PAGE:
Students alleging racist abuse is not unique to any one Irish school, a race relations consultant has warned.
Dr Ebun Joseph said the decision by some black former students of a Dublin college to speak out about their experiences of racism is all too familiar. "It's happening in so many places", she said.
Dr Joseph added that the outpouring of stories as part of the Black Lives Matter movement is giving young people, who have been silent until now, the strength to speak out about their own personal experiences.
She said: "Over the past week especially I’ve had phone calls, I’ve heard stories from young people, and what is happening is that the stories of race that have been coming out have actually permitted them to come out and say 'this has happened to me'."
Dr Joseph made the comments after a number of black former pupils of an private second-level school have spoken out about alleged racism during their time there.
The ex-students of St Columba's College in Dublin made the claims to RTÉ News as an inquiry into racism at the college was announced.
The review comes after alumni and students in social media postings and in emails to the school made allegations of racism and bullying.
The complaints made by black past pupils of the college include being called the 'n’ word by white students and ‘jokes’ about slavery.
One female past pupil complained in an email sent to the school the following: "Jokes being made in my boarding house about picking cotton, where my cotton balls were thrown on the floor and I was 'jokingly' asked to pick them up."
St Columba's graduate Fewitimi Majekodunmi spoke about how the 'n' word would be used by other white students: "They always saw it as banter they never saw it as racism so they’d be like ‘come on, n*****, or something and I’d be like what? And they’d start laughing and say they weren't racist."
The former St Columba College student who first posted on social media recounting her own story on Instagram, and was then the first to contact the school to make allegations of racism and call for action, has alleged that she was often called the 'n' word.
Seyilogo Braithwaite came to St Columba's from her home in Nigeria when she was 13. She graduated from the school three years ago. She told RTÉ News that she also had to endure jokes about slavery.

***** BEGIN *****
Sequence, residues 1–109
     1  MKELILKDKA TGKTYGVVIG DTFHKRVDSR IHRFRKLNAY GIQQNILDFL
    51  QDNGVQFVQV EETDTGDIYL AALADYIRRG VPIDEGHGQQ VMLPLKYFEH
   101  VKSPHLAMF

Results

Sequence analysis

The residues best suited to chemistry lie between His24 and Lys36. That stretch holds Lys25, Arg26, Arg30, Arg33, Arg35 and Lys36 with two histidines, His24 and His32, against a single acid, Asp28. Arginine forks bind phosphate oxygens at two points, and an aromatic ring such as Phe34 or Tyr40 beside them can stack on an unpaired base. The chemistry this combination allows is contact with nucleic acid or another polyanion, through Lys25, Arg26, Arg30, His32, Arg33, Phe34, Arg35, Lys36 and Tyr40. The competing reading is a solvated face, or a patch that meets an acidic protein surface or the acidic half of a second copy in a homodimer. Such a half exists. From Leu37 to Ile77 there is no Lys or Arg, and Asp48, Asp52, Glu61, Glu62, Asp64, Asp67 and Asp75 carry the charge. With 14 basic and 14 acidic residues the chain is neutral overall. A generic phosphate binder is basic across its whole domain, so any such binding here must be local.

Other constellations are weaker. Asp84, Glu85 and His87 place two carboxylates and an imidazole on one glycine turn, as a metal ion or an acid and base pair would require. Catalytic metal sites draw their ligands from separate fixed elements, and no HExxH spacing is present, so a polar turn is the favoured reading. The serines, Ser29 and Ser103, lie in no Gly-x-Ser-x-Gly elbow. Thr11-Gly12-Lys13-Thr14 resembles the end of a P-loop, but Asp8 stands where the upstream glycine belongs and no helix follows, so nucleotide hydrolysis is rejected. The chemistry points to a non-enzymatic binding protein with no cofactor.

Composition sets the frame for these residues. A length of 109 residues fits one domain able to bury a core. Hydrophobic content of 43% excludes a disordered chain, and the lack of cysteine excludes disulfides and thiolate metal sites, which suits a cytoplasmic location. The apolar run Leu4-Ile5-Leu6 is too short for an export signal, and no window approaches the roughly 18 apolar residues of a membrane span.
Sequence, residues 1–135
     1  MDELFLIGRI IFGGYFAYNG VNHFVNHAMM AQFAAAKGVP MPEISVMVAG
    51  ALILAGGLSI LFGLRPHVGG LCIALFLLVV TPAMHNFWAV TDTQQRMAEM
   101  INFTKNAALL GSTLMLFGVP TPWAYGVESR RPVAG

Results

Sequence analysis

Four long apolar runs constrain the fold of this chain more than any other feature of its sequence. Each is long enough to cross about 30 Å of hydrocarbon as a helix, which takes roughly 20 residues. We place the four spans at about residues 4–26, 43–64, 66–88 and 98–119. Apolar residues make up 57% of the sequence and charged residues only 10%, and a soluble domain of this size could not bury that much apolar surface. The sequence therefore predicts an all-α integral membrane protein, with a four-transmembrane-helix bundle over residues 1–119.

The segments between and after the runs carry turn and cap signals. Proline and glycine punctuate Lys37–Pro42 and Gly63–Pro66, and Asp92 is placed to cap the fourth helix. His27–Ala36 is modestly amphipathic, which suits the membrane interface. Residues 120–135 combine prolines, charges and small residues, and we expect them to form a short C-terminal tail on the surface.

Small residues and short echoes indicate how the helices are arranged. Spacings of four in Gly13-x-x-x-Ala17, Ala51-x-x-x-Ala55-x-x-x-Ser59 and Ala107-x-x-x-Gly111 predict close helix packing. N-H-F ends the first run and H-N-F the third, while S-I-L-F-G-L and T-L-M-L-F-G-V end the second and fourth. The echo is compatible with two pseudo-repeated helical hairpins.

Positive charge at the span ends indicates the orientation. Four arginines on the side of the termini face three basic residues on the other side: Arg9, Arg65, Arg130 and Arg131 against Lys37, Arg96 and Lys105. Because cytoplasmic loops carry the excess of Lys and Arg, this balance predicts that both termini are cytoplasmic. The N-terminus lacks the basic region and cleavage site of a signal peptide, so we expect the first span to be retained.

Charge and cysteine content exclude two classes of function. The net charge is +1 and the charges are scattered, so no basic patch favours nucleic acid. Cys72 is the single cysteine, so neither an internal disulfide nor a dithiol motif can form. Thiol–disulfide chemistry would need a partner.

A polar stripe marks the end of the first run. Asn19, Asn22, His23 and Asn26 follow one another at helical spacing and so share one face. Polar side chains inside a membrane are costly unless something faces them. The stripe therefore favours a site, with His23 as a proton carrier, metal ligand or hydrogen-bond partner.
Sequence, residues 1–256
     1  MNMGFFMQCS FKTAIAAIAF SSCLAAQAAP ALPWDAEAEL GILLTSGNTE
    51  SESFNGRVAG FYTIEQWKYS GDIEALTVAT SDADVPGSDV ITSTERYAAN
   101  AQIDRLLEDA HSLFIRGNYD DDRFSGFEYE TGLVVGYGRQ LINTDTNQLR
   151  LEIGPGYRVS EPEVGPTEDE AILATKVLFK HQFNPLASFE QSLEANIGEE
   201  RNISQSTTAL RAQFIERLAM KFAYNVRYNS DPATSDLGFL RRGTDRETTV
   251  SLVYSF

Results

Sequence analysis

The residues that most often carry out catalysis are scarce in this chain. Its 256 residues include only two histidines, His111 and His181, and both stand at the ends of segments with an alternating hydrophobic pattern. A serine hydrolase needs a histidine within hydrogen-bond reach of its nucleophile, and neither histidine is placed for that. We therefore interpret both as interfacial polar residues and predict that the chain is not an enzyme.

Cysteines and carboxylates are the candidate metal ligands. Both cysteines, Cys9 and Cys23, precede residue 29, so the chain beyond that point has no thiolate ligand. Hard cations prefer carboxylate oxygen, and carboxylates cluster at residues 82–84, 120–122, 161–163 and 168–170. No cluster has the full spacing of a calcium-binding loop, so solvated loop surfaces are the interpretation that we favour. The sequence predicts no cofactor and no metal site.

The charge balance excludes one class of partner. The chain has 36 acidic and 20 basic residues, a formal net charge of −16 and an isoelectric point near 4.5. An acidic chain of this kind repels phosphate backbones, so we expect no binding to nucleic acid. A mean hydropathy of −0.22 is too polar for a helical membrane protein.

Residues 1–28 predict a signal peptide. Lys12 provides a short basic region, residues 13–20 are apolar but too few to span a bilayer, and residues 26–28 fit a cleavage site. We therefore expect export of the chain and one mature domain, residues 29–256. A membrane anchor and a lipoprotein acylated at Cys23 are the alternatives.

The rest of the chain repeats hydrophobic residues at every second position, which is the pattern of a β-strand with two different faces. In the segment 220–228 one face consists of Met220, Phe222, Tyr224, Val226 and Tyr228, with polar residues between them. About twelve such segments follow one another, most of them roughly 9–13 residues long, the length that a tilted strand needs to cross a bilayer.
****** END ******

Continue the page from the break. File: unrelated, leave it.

"A boy he used a quote from a book as a 'joke', which threatened to lynch me. He said 'shut up. I could have you strung up to a tree so fast you wouldn't even know it'. And that was so hurtful to me."
The quote is a quote from John Steinbeck's Of Mice and Men, which is on the current English syllabus.
Ms Braithwaite said she was prompted to speak out about her experience by the Black Lives Matter movement. Last week she wrote to the school making allegations of racism and urging St Columba's College to address racism and bullying.
I'd literally be crying myself to sleep
A number of other former students followed Seyilogo's lead and also written to the school in recent days recounting what they allege are their own experiences of racism and urging action.
The school principal Mark Boobbyer said he wanted to thank Ms Braithwaite and others for their courage in detailing their experiences of racism while at the college "because that's not easy to do" and said that an independent panel would now look into their allegations.
Another black ex-student of the school, Ella Tobrise, sobbed as she described to RTÉ News the impact the racism that she says she experienced had on her. She said that it made her feel "so alone" but that she managed to put up a front to hide her feelings.
Ms Tobrise said: "There were so many times when I would just laugh and I would smile because I’m quite a positive person. I don’t see myself as one to wallow or to be sad. But there were times when I’d literally be crying myself to sleep."